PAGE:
Environmental groups are calling on Maryland officials to tighten new limits on farmers' use of animal manure and sewage sludge for fertilizer, saying rules recently proposed by the state don't go far enough.
Farming and local government groups have objected that the proposed rules are costly and largely unnecessary, and state officials eased a few provisions in response.
Environmental groups, though, want even tougher limits, arguing that agriculture remains the largest source of Chesapeakey Bay pollultion and that manure accounts for half of the runoff from Maryland farms. They contend the proposed rules on fertilizing fields are looser in key respects than limits imposed on farmers raising large flocks of chickens or herds of livestock, making it possible for more polluted runoff from the more lightly regulated fields.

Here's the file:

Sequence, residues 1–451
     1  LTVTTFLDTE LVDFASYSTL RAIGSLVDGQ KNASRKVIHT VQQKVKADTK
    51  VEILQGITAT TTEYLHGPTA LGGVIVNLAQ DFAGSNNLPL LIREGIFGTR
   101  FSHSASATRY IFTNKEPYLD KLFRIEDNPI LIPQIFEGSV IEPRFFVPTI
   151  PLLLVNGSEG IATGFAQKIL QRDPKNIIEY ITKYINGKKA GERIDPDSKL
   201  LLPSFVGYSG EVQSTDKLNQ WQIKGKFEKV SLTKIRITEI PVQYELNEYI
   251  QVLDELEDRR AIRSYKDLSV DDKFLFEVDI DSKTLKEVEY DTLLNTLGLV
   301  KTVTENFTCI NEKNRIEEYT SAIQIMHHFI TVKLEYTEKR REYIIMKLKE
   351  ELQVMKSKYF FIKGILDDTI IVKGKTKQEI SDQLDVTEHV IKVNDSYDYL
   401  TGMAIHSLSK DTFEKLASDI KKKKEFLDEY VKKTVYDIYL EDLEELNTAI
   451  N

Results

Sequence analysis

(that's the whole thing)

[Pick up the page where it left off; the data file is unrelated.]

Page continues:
They urge eight changes in the rules, including moving up from 2016 to 2014 the wintertime ban on applying fertilizer to farm fields. They also want tighter limits on storing manure or sludge in fields, keeping fertilizer farther away from drainage ditches and streams and barring the applicaiton of any manure or sludge on fields already saturated with phosphorus, one of the plant nutrients responsible for the vast "dead zone" that forms every summer in the bay.